Let’s talk about mentoring

Two years ago I didn’t even know what a mentor was at all. Not that mentoring happens very often back home. And when it does, it is rarely labelled. I first heard the word and had my first mentoring experience at my first Grace Hopper Conference where I attended a session of speed mentoring in which I got valuable advice on the start of my masters and my experience abroad.

Soon after I came back home a great opportunity appeared: becoming a mentor for “Learn IT, Girl” to teach a girl a new programming language. At first, I doubted I was qualified to do it. I was still a student and I had no professional experience besides a couple of internships. But I had nothing to lose, so I applied and started a journey that I still continue today, running the second edition of “Learn IT, Girl”. That experience taught me more than I could teach myself, and motivated me to go on.

Later came another great opportunity: mentoring at Google Summer of Code for the Systers PowerUp project. I again doubted I could do it since even though I had Android experience, I had only done Open Source for some months. When I sent my concerns to the mailing list, all I got in reply was the application link 🙂 The experience was doubly amazing: guiding someone through coding and contributing to an app with social impact.

Both experiences made me grow fast as a technical mentor, making me learn by doing and discovering things that, as always, I wish I had known before.

Tasks should be short

Creating big tasks may look like a good idea as it defines what to do for a longer period of time, especially when the mentee seems to know how to address it. However, there will always be things to improve, especially in the beginning, from code style to working methodology. Addressing these as soon as possible when a short task is finished will avoid making the mentee feel frustrated when having to rework on something big.

Regular meetings are important

Most online mentoring programs recommend weekly meetings. However, this sometimes seems as a waste of time to either the mentor or the mentee. Why not just let the mentee email the mentor when they have a doubt rather than schedule something that might not be needed? My experience is that as human beings, we tend to think our questions are stupid. We don’t dare to send that email and instead spend hours figuring out something we could have asked in minutes. This is where weekly meetings help review the current state of things and create an open environment for all sorts of seemingly stupid questions, making everything run much more smoothly.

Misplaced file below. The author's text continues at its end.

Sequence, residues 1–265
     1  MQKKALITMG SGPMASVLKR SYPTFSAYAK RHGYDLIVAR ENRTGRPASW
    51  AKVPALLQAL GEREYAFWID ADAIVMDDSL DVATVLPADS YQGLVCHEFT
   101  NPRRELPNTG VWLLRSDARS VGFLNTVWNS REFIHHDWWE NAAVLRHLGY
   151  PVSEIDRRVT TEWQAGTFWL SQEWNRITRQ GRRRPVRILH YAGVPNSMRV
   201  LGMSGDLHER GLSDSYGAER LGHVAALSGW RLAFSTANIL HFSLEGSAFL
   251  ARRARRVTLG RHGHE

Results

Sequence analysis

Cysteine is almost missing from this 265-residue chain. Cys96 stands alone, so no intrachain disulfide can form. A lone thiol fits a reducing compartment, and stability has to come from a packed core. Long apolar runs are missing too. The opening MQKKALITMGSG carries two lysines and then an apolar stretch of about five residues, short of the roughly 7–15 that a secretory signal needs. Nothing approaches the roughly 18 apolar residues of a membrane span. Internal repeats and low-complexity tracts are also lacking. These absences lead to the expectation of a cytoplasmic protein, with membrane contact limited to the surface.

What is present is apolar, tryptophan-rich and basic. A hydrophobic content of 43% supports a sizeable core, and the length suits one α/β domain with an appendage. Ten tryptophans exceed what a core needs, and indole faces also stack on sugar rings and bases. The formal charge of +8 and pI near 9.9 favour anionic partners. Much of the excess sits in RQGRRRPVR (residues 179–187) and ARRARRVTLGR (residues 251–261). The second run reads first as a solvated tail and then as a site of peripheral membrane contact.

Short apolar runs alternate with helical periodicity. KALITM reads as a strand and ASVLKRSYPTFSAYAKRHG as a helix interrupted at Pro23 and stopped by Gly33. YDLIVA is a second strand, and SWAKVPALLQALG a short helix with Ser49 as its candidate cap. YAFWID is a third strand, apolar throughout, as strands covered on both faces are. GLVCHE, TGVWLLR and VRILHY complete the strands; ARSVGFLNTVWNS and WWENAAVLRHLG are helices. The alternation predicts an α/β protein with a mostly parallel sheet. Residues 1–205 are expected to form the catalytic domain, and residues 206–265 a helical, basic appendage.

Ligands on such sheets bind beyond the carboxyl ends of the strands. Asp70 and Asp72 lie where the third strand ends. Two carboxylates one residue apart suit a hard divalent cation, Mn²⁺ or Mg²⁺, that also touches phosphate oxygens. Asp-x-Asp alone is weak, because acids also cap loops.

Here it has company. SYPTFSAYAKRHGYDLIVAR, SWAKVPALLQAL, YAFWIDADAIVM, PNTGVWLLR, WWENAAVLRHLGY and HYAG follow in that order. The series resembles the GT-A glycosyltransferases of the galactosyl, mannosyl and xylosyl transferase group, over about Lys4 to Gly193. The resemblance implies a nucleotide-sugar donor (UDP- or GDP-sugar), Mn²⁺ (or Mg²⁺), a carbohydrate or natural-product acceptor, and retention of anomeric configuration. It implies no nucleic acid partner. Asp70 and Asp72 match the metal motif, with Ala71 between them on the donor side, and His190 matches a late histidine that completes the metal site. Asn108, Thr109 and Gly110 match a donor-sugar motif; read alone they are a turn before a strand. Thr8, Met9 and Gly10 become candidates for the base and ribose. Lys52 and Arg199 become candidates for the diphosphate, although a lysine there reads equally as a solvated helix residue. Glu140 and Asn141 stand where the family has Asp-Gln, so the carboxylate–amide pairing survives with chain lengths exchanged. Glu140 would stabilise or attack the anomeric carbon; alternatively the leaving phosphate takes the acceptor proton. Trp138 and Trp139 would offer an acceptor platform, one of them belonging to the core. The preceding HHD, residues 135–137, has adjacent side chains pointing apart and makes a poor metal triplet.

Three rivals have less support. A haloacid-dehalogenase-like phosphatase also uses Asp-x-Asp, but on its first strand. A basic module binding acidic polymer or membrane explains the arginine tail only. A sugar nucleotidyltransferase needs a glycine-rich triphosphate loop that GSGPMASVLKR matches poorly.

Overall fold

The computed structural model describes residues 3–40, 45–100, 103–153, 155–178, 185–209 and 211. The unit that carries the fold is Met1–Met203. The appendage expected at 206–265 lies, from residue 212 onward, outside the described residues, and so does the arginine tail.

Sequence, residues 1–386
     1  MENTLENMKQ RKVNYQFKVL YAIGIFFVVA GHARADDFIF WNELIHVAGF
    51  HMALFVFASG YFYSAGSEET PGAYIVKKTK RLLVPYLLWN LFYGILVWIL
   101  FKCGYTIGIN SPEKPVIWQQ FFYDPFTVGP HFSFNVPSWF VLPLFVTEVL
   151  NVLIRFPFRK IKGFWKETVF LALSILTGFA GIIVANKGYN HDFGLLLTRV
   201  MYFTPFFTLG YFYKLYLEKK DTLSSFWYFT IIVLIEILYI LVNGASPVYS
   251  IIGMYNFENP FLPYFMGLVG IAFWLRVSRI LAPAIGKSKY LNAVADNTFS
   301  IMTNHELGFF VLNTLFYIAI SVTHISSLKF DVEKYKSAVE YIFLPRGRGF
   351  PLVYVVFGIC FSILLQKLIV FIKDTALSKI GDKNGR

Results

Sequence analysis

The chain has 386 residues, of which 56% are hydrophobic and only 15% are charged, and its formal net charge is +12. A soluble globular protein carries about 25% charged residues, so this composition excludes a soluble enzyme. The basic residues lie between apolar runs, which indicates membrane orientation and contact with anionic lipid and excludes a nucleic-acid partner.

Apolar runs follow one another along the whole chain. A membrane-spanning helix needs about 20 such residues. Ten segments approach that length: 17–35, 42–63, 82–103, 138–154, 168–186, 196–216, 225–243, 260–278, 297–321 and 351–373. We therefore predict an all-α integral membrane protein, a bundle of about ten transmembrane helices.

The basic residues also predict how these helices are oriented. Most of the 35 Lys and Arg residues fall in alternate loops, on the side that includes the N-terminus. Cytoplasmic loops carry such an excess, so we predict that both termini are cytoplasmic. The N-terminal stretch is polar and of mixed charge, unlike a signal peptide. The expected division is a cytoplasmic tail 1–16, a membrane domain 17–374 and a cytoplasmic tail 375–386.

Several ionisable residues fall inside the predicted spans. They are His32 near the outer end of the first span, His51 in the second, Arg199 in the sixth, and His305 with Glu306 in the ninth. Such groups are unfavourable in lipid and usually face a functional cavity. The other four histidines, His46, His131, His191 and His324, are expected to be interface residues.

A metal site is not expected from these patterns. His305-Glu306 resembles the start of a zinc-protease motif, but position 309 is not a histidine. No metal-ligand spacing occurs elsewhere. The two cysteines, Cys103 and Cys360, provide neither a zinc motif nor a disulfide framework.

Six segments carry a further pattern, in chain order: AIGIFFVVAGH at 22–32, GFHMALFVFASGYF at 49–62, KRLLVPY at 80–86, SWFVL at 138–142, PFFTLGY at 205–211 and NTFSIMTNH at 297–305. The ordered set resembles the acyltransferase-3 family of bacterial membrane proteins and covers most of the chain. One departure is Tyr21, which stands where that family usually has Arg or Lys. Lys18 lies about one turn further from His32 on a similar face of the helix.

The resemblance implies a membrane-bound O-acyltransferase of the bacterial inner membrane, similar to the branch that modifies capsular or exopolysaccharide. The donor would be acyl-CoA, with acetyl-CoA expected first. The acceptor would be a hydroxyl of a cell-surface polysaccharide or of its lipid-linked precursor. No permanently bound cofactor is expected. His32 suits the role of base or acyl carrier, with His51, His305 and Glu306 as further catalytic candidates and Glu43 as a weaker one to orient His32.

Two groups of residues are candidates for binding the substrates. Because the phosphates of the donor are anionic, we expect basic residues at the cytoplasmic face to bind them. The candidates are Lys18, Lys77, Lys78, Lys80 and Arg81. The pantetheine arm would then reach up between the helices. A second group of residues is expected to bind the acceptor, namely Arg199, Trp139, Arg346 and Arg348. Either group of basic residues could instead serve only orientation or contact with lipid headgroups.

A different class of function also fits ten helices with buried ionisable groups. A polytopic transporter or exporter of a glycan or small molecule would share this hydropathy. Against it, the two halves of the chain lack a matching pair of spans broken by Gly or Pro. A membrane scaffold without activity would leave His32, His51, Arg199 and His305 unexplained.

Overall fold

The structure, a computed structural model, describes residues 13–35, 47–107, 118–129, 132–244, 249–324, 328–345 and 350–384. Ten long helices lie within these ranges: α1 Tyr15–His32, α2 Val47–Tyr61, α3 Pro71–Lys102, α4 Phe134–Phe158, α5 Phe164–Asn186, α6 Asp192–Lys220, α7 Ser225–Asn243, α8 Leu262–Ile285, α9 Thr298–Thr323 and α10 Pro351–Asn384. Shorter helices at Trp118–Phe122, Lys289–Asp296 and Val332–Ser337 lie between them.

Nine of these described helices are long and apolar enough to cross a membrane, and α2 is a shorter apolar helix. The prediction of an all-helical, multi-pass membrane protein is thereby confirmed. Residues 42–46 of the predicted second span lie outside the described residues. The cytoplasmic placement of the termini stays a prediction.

Video meetings are essential. Emails are not enough.

The amount of information that can be transmitted in an email is not even close to what can be said during a video meeting. When meeting in person is not possible, video meetings are the greatest tool to explain things clearly and quickly. In online mentoring programs they are also the best way to get to know each other better and trust each other more, making communication much more fluid.

Sometimes it’s necessary to be strict(ish)

As a mentor, I never wanted to be strict and stablish hard deadlines. I trusted my mentees would be responsible and set their own when it best worked for them. However, this was not always true. Not because they were not responsible, but because other things came along the way. As humans, we tend to perform better when we feel we have a responsibility towards others. Therefore, setting a deadline is a great way to tell your mentees what you exactly expect from them, so they can easily assess if they are meeting it. The same goes with code. It isn’t bad to set a bar on which code style and structure is expected. Even if it takes some time for the mentee to get used to, it will help them learn better practices on the long run.

A mentor needs to be available

Weekly meetings are great, but a lot can happen in seven days. Mentees will have tons of questions, especially in the beginning, and those may block them for a while. As a mentor, it is great to open some informal communication channel, such as Facebook or Hangouts chats to reply to quick questions and unblock mentees. However, this is a two-way street. Mentees should also be concise in their questions to allow quicker answers.





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